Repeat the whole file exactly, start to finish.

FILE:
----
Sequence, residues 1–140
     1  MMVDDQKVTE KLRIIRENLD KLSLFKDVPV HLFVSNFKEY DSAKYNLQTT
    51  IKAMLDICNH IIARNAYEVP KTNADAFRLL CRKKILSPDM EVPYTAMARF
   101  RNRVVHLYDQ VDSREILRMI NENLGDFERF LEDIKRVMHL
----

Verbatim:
Sequence, residues 1–140
     1  MMVDDQKVTE KLRIIRENLD KLSLFKDVPV HLFVSNFKEY DSAKYNLQTT
    51  IKAMLDICNH IIARNAYEVP KTNADAFRLL CRKKILSPDM EVPYTAMARF
   101  RNRVVHLYDQ VDSREILRMI NENLGDFERF LEDIKRVMHL